Despite Democrats’ Insistence, A Federal Takeover of Election Reform Isn’t Popular

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Posted: May 13, 2021 2:00 PM
Despite Democrats’ Insistence, A Federal Takeover of Election Reform Isn’t Popular

Source: AP Photo/J. Scott Applewhite

Back in March, liberal journalist Jane Mayer wrote a piece forThe New Yorker insisting Americans across the political spectrum – proven, she said, by leaked internal research by a conservative-leaning group -- were supportive of the federal election reform bill interestingly named the For The People Act (H.R. 1 in the House, S.B. 1 in the Senate), that stalled in Congress Wednesday due to lack of bipartisan support.

Mayer, however, never reached out to Jason Snead, Chairman of theHonest Elections Project, because if she had she would have been disabused of the notion that Americans are in favor of most of the bill’s provisions.

To be fair, Mayer, in the MarchNew Yorker piece, does a half-hearted job of singling out one particular issue the bill addresses that voters might favor: increased transparency of “dark money” in elections. Her more thorough work is conflating that issue with the entire bill.

The participants conceded that the bill, which would stem the flow of dark money from such political donors as the billionaire oil magnate Charles Koch, was so popular that it wasn’t worth trying to mount a public-advocacy campaign to shift opinion. Instead, a senior Koch operative said that opponents would be better off ignoring the will of American voters and trying to kill the bill in Congress.

That last line is particularly interesting when considering the research Snead’s group has done showing that most of the provisions of the federal bill – which would ultimately override any state laws passed related to voter ID requirements, mail-in ballot safeguards, and changes to absentee voting, for example – are not popular among American voters.

“If you’re going to pass a bill for the people, you should probably listen to them,” Snead told reporters Wednesday following the Senate’s deadlock on the bill.

Much has been made of the unpopularity of voter ID requirements by supporters of the federal reform effort, for example. But according to Honest Elections polling, 77 percent of Americans support photo ID requirements, with 64 percent of Black, 77 percent of Hispanic, and 76 percent of low-income voters indicating they do not view that requirement as a “burden.”

Additional polling conducted by the group indicates the other provisions included in the For The People Act are equally unpopular with American voters. Results show 74 percent of Americans support a requirement that all mailed ballots be received by election day; 66% of Americans support applying voter ID requirements to absentee ballots; and 62% of Americans expressed a belief that ballot harvesting should be illegal.

Snead said not only did the Senators who supported the bill in the Senate markup Wednesday fail to acknowledge the unpopularity of the bill’s provisions, they routinely tried to make the argument that because a minority of states had implemented some of the provisions, that meant all states should do the same.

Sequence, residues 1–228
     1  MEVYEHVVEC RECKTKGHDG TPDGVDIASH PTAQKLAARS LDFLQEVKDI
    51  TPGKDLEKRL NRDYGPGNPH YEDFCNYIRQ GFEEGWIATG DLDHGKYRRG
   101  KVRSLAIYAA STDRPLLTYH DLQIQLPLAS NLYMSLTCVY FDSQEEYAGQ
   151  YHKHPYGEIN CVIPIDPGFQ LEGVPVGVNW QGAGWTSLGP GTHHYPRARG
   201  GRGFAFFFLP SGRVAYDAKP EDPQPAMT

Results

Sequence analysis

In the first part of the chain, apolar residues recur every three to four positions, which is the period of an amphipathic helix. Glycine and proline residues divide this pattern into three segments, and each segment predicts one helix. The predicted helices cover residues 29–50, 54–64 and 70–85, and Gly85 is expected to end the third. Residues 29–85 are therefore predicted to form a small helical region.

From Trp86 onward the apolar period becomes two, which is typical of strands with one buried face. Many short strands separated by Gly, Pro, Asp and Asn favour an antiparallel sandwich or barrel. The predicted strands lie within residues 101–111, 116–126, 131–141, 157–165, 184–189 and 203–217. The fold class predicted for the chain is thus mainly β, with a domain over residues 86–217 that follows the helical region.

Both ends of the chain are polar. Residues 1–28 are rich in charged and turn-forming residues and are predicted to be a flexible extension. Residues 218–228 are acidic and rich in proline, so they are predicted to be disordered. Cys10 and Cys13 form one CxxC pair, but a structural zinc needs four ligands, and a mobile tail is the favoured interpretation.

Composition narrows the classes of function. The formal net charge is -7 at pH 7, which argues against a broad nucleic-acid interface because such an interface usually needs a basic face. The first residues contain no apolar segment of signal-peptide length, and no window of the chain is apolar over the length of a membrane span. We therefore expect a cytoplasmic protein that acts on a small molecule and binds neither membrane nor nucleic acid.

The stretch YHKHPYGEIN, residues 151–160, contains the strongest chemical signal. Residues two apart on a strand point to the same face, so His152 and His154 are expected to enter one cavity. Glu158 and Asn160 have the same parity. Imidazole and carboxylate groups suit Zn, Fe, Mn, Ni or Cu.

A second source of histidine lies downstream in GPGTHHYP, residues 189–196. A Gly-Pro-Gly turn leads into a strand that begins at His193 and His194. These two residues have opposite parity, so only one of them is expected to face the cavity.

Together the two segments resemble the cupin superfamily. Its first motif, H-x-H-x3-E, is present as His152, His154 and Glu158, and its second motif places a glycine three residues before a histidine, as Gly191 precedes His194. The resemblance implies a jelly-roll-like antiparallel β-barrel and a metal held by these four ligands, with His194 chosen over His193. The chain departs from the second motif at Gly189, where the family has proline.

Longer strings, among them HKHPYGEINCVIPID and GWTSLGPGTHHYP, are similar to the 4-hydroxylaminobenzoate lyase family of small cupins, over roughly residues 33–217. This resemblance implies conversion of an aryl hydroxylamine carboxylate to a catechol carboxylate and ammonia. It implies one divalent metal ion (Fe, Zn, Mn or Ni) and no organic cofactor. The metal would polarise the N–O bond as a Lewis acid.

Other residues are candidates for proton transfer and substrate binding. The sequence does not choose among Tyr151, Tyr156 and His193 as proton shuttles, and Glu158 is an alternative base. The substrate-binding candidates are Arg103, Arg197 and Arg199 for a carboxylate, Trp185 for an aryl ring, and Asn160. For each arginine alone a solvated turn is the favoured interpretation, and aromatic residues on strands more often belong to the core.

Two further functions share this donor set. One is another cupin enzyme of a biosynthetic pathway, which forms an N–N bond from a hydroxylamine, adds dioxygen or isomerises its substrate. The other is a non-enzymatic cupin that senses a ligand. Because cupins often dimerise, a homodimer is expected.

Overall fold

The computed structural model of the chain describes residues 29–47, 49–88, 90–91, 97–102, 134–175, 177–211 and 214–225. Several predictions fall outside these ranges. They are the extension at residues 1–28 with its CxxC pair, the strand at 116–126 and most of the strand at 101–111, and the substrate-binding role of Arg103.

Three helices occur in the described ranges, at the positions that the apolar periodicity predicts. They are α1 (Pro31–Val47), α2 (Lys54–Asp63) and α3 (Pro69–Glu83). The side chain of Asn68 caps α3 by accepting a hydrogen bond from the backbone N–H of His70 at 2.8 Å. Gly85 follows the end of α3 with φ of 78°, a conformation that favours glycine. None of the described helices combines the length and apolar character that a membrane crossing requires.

“[They made the argument that] because a few states have decided that these particular policies work for them…the American people want that thrust on them by congress,” Snead said.

States making decisions to reform their individual election laws is “by design, not a quirk of the system,” Snead concluded.

Former Virginia Attorney General Ken Cuccinelli, who now leads the election transparency initiative for the Susan B. Anthony List and American Principles Project, also spoke with reporters Wednesday and called the bill a  “complete violation of federalism principles.”

“There’s nothing much left for states to do if this passes,” Cuccinelli said.

In fact, many conservatives see the bill as little more than enshrining into law future wins for the Democrat party. In a Wall Street Journal op-ed, long-time Republican operative Karl Rove referred to the legislation as a Democrat “power grab”:

If the 817-page power grab passes, Washington would dictate how states run elections, even though the Constitution reserves that power to the states. The measure would gut voter-ID requirements while allowing partisan operatives to collect and submit an unlimited number of ballots, a practice called “ballot harvesting” that most states outlaw. S.1 would also prohibit states from cleaning registration rolls by removing people who haven’t voted for years and failed to return a postage-paid card affirming they’re still at that address—even if the Postal Service says they’ve moved and didn’t leave a forwarding address.

By Thursday, news had broken that West Virginia Democrat Sen. Joe Manchin was throwing his support behind a more“measured” federal election reform bill, the John Lewis Voting Rights Act, that would implement “a federal process for reviewing changes to voting rules in any jurisdiction nationwide” and would still mean federal oversight of state election law changes in all 50 states.

Conservatives may not be willing to support even a watered-down version of a federal bill, however. Both Snead and Cuccinelli on Wednesday shot down the notion the GOP might strategically counter Democrats’ plans with federal election reform of their own.

“It isn’t that there is some other federal imposition that should take place,” Cuccinelli said. “It’s that [election reform] should be debated in the states.”

“We don’t need a republican counter to the federal takeover with our own federal takeover,” Snead added.

Sarah Lee is a freelance writer and policy wonk living and working in Washington, DC.